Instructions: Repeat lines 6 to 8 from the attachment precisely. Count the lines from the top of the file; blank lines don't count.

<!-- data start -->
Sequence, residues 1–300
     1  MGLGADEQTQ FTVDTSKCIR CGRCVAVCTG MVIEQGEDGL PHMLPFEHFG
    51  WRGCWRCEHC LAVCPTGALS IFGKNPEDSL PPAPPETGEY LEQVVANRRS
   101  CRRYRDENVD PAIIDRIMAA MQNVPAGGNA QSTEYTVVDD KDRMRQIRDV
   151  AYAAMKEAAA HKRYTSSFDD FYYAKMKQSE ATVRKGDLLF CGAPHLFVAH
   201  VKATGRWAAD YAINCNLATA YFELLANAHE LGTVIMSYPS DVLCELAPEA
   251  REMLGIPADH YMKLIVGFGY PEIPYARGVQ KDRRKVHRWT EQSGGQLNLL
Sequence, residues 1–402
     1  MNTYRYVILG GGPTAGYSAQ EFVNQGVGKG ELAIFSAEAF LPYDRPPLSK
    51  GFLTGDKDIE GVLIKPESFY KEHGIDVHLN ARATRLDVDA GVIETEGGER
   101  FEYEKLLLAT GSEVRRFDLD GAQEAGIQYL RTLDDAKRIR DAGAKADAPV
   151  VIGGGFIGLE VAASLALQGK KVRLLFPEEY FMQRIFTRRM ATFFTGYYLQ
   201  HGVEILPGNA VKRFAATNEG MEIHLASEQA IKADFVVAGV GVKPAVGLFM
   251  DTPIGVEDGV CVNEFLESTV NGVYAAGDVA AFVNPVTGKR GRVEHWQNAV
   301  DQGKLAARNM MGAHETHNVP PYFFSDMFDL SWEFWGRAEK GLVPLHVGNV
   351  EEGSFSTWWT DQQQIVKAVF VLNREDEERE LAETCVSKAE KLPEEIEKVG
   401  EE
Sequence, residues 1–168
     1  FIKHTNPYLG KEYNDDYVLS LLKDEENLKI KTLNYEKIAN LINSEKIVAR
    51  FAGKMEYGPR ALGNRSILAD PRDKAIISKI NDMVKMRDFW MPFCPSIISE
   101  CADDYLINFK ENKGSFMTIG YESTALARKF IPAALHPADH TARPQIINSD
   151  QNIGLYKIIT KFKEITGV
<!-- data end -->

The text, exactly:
   201  VKATGRWAAD YAINCNLATA YFELLANAHE LGTVIMSYPS DVLCELAPEA
   251  REMLGIPADH YMKLIVGFGY PEIPYARGVQ KDRRKVHRWT EQSGGQLNLL
Sequence, residues 1–402